He called on “the Israeli authorities to stop the eviction immediately.”

Ireland’s Representative Office to the Palestinians said, “Such evictions and demolitions are illegal under international humanitarian law and threaten to escalate tensions and conflict in the occupied Palestinian territories.”

The British Consulate in Jerusalem, which is near the disputed site, tweeted, “Evictions in Occupied Territory are against international humanitarian law in all but the most exceptional circumstances. The UK urges the Government of Israel to cease such practices which only serve to increase tensions on the ground.”

A senior Foreign Ministry official said the property would be used for an Arab school and that European diplomats have a “Pavlovian instinct to attack Israel without knowing the facts. Europe calls on Israel to do things to help Arabs in east Jerusalem, and then attacks Israel when it tries to build schools for Arab residents,” the official lamented.

“The Foreign Ministry sees their reactions as detached from reality and showing a lack of understanding,” the official said. “The ambassadors that attacked Israel today were confused. Instead of protecting the residents, they’re protecting criminals.”

PA President Mahmoud Abbas’s office called on the Biden administration to intervene.

The PA said the decision to “evict” the Salhia family from their home in Sheikh Jarrah “falls within the framework of forced displacement that contravenes international and humanitarian law.”

The PA called for “immediate and urgent international intervention to provide international protection for the Palestinian people and restrain” Israel.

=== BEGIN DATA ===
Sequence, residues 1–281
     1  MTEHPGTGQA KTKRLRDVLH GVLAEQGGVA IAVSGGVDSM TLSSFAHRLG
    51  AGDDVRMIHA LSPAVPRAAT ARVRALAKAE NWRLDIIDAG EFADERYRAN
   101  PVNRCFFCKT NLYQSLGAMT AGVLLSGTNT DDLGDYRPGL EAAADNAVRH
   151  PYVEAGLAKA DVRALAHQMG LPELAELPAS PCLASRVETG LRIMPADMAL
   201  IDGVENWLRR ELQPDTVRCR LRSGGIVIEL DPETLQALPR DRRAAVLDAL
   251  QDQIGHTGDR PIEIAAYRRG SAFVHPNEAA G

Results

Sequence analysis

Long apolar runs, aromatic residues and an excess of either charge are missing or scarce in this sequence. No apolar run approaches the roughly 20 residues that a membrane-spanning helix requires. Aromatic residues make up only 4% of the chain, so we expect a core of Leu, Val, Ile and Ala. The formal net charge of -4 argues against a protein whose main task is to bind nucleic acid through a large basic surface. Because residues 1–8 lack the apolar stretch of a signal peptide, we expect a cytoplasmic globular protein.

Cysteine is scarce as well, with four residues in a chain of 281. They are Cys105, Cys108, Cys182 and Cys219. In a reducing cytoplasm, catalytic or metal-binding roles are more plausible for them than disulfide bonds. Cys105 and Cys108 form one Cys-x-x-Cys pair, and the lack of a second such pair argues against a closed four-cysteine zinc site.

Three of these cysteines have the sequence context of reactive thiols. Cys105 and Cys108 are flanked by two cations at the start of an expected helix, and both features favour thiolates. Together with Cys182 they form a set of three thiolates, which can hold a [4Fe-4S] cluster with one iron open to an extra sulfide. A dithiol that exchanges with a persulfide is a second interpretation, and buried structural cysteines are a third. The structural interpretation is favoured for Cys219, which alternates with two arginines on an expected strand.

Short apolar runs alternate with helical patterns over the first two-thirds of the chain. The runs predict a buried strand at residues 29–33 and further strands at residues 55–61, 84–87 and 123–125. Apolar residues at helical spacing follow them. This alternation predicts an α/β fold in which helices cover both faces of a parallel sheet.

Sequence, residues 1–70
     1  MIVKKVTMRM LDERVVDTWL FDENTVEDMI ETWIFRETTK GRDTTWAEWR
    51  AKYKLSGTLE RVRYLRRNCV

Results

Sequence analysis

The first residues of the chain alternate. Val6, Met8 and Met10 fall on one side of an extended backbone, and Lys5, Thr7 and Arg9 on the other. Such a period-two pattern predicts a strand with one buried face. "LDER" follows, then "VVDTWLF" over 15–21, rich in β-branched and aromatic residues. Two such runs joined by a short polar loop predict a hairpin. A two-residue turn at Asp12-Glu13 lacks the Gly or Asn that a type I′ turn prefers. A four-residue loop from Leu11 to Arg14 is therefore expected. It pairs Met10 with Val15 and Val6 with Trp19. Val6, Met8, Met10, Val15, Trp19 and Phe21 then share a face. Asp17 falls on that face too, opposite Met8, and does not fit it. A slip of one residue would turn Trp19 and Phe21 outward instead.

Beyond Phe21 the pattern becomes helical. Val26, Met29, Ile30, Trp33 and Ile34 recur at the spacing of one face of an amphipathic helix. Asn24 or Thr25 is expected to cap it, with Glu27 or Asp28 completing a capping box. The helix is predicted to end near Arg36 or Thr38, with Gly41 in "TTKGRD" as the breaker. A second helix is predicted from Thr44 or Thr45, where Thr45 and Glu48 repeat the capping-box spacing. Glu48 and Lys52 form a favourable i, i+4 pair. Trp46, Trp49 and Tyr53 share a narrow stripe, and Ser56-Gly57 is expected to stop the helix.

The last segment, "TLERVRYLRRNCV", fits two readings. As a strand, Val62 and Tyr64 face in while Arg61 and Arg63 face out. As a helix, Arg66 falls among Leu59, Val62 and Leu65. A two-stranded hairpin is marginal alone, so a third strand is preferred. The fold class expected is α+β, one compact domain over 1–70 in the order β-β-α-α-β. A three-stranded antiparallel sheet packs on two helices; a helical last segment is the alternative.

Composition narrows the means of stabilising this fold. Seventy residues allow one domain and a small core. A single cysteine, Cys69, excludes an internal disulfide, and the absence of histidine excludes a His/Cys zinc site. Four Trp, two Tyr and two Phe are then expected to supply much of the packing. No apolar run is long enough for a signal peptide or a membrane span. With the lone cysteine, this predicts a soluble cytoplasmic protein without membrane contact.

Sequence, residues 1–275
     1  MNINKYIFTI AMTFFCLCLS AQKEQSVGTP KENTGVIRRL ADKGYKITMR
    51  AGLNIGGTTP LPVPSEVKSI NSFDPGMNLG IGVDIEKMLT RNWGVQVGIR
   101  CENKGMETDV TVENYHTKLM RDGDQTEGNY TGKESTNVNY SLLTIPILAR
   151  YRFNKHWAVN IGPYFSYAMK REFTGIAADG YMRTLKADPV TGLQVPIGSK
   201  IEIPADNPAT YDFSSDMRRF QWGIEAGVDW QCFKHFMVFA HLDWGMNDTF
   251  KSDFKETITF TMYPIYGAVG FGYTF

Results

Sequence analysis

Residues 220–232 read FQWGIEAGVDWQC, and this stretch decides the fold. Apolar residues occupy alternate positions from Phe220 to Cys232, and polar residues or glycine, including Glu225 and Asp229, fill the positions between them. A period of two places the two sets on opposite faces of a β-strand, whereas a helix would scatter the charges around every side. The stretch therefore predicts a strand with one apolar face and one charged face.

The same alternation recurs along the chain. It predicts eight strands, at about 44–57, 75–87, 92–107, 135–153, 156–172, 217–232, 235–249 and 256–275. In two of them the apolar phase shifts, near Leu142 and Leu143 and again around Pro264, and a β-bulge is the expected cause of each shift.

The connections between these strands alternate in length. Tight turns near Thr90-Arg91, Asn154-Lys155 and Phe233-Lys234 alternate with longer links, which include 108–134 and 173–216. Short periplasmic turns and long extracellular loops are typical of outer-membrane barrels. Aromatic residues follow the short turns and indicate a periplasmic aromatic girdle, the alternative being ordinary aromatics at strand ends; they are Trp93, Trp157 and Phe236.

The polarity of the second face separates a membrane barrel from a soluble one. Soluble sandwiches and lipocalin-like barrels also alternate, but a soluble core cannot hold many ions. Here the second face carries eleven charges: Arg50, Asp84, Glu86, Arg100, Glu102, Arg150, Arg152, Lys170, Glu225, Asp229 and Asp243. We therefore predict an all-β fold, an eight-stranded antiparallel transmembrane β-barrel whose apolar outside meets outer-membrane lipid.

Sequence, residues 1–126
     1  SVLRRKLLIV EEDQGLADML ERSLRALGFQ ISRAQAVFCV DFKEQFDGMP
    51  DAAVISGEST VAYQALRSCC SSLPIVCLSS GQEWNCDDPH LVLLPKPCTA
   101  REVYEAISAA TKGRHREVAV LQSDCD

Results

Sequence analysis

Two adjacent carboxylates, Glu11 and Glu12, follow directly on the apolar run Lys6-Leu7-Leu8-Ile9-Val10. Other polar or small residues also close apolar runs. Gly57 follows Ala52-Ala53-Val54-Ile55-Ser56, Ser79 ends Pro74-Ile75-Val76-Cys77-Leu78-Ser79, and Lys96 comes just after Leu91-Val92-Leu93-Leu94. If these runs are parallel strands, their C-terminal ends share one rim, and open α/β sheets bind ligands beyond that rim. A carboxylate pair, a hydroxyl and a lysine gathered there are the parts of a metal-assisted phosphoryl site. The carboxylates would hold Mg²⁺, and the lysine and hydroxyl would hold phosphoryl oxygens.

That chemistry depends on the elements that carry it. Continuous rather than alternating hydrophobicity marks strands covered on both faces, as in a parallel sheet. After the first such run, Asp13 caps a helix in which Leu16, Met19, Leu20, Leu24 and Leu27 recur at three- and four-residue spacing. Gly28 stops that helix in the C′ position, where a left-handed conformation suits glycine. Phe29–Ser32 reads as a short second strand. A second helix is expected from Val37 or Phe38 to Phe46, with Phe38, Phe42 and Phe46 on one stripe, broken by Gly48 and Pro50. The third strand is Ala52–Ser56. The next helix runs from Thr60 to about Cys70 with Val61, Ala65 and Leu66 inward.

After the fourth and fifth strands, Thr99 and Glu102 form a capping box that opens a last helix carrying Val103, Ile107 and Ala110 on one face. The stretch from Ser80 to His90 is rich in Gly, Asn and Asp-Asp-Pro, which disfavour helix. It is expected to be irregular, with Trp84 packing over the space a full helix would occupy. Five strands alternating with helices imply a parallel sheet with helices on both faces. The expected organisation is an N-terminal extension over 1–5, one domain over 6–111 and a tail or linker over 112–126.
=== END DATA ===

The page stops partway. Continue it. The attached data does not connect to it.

The PA warned that Israel’s measures in Sheikh Jarrah might be “a prelude to a process of forced displacement that affects dozens of Palestinian families in east Jerusalem. It also warned that these measures would push matters toward escalation and held the Israeli government solely responsible.

“The Palestinian presidency calls on the international community, especially the US, to take immediate and urgent action to stop the Israeli escalation and implement the resolutions of international legitimacy, foremost of which is the criminalization and prevention of the expulsion of the Palestinians from their homes,” read a statement issued by the PA on Monday evening.

Public Security Minister Omer Bar Lev (Labor) tweeted that he was closely “following the situation in Sheikh Jarrah” and that the court had ruled that the family of Mahmoud Salhia had no legal right to the property.

“The court ruled that this was an illegal invasion,” Bar Lev said.

“The area is intended for the establishment of classrooms and kindergartens for special education that are for the benefit of the neighborhood’s Arab children.

“It is impossible to hold the stick at both ends – both to demand that the municipality act for the welfare of the Arab residents, and also to oppose the construction of educational institutions for their welfare,” Bar Lev said.

His representative provided The Jerusalem Post with a plan for the school. He added that police had come to demolish the plant nursery that the family runs, and not the home itself.